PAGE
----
Masquerading User Data
We have collected a data set with seeded masquerading users to compare
various intrusion detection methods. The data set is available here .
The data consist of 50 files corresponding to one user each. Each file contains 15,000 commands (audit data generated with acct). The first 5000 commands for each user do not contain any masqueraders and are intended as training data. The next 10,000 commands
can be thought of as 100 blocks of 100 commands each. They are seeded with masquerading users, i.e. with data of another user not among the 50 users.
At any given block after the initial 5000 commands a masquerade starts with a probability of
1%. If the previous block was a masquerade, the next block will also be a masquerade
with a probability of 80%.
About 5% of the test data contain masquerades.
This data set is used in an article in Statistical Science (see publications on the left). For further information please consult this article or contact me.

Masquerade Data (zip File)
Uncompress using WinZip.
Masquerade Data (Unix)
uncompress (gunzip), and detar (tar x) the data set.
This contains 50 files, one each for 50 users. Each file contains 15000 lines. Each line has
one command.

Location of masquerades
(WIndows ascii file)
This file contains 100 rows and 50 columns. Each column corresponds to one of the 50 users.
Each row corresponds to a set of 100 commands, starting with command 5001 and ending with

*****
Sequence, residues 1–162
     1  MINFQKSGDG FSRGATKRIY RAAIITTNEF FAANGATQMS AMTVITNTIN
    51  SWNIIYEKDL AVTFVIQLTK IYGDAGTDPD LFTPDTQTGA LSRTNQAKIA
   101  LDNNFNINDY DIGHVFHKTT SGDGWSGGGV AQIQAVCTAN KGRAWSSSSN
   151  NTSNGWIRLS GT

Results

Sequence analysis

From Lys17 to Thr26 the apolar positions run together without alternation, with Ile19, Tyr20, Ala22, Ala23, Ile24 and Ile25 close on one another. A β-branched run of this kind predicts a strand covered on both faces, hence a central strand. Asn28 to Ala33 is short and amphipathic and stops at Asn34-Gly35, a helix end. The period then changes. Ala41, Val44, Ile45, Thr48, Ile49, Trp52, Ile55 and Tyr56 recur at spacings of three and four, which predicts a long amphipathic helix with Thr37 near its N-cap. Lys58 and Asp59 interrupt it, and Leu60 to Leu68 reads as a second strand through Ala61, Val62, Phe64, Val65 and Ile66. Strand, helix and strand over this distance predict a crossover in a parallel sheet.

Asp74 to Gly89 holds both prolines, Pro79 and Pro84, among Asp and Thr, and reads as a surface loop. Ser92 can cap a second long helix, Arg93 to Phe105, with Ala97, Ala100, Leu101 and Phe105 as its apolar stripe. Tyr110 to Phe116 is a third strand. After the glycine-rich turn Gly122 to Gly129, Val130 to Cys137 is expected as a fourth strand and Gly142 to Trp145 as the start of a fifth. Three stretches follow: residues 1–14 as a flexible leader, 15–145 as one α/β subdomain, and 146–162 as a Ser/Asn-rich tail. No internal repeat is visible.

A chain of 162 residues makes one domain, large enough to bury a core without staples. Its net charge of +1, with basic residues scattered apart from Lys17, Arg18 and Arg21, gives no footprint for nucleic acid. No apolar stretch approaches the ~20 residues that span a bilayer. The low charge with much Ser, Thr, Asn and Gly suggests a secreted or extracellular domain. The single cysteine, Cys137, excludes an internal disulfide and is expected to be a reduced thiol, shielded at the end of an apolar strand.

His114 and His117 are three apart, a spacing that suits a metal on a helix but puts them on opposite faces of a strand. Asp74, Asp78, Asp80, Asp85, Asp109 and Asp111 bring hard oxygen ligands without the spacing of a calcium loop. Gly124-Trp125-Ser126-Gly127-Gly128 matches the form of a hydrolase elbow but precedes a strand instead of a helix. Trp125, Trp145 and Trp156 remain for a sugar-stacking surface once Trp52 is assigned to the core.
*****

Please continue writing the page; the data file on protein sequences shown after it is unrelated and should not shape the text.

command 15000. The entries in the files are 0 or 1. 0 means that the corresponding 100 commands are not contaminated by a masquerader. 1 means they are contaminated.
 Scores and Thresholds for intrusion methods
(ZIP File)
This contains the scores and the thresholds of the individual detection algoritms used in the
statistical science paper. An alarm is sounded when the score exceeds the corresponding
threshold. Filenames that contain ".up." refer to algorithms that updated
thresholds and or the algorithms based on earlier data. Filenames that contain
".noup." base their thresholds and scores only on the training data. The Statistical Science
paper contains more details.
For example, the data can be used to recreated ROC curves to enable comparison
to other methods.

Splus Function to create ROC curves
Two vectors called x and y are needed as input.
x are a method's scores when there is no intruder present ,
y a method's scores when there is an intruder present
(The scores can be separated into x and y
according to "location of masquerades").
The Splus function then considers all possible values of thresholds z
(basically all unique values from x and y ).
For each threshold a missing alarm/ false alarm tradeoff is obtained.
The tradeoffs each represent one point on the ROC curve.
The actual thresholds generated by the individual methods are not needed
to construct ROC curves.
This function is only useful when every user has the same threshold.
When users have different thresholds these need to be subtracted
from the scores so that all users have the same threshold (zero).
 Individual Figures from the Statistical Science Paper
(ZIP File)
Here are individual graphs from the statistical science paper.
Here are some early theses/ Papers based on this data set :

Kwong Yung, "Update Algorithms for Masquerade Detection" ,
Ph.D. thesis,
Department of Statistics, Stanford University, 2003.

Ke Wang, Salvatore J. Stolfo. "One Class Training for Masquerade Detection ". 3rd IEEE Conference Data Mining Workshop on Data Mining for Computer Security, Florida, November 19, 2003.

Masquerade Detection Using Truncated Command Lines Roy A. Maxion and Tahlia N. Townsend International Conference on Dependable Systems & Networks: Washington, DC, 2326 June 2002.
https://ieeexplore.ieee.org/document/1028903
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